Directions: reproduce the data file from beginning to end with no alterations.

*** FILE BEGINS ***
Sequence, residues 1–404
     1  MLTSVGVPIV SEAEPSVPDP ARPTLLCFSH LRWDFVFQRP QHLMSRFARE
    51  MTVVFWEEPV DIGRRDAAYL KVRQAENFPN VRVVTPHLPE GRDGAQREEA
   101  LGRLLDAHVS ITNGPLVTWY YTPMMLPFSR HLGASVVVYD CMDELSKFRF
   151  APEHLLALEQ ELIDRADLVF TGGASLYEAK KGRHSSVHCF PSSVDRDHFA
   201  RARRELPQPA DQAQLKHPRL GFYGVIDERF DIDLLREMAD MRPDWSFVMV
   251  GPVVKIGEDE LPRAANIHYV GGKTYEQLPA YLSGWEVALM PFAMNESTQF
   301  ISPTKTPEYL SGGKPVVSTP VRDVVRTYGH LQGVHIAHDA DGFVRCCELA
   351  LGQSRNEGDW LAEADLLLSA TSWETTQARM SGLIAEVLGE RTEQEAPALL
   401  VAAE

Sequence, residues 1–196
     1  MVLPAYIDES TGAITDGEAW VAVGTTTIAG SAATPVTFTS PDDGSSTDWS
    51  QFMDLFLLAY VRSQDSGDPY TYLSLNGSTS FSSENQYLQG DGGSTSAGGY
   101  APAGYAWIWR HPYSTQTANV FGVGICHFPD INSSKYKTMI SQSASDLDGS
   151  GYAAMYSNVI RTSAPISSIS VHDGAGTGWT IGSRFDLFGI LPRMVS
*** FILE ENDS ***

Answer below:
Sequence, residues 1–404
     1  MLTSVGVPIV SEAEPSVPDP ARPTLLCFSH LRWDFVFQRP QHLMSRFARE
    51  MTVVFWEEPV DIGRRDAAYL KVRQAENFPN VRVVTPHLPE GRDGAQREEA
   101  LGRLLDAHVS ITNGPLVTWY YTPMMLPFSR HLGASVVVYD CMDELSKFRF
   151  APEHLLALEQ ELIDRADLVF TGGASLYEAK KGRHSSVHCF PSSVDRDHFA
   201  RARRELPQPA DQAQLKHPRL GFYGVIDERF DIDLLREMAD MRPDWSFVMV
   251  GPVVKIGEDE LPRAANIHYV GGKTYEQLPA YLSGWEVALM PFAMNESTQF
   301  ISPTKTPEYL SGGKPVVSTP VRDVVRTYGH LQGVHIAHDA DGFVRCCELA
   351  LGQSRNEGDW LAEADLLLSA TSWETTQARM SGLIAEVLGE RTEQEAPALL
   401  VAAE

Sequence, residues 1–196
     1  MVLPAYIDES TGAITDGEAW VAVGTTTIAG SAATPVTFTS PDDGSSTDWS
    51  QFMDLFLLAY VRSQDSGDPY TYLSLNGSTS FSSENQYLQG DGGSTSAGGY
   101  APAGYAWIWR HPYSTQTANV FGVGICHFPD INSSKYKTMI SQSASDLDGS
   151  GYAAMYSNVI RTSAPISSIS VHDGAGTGWT IGSRFDLFGI LPRMVS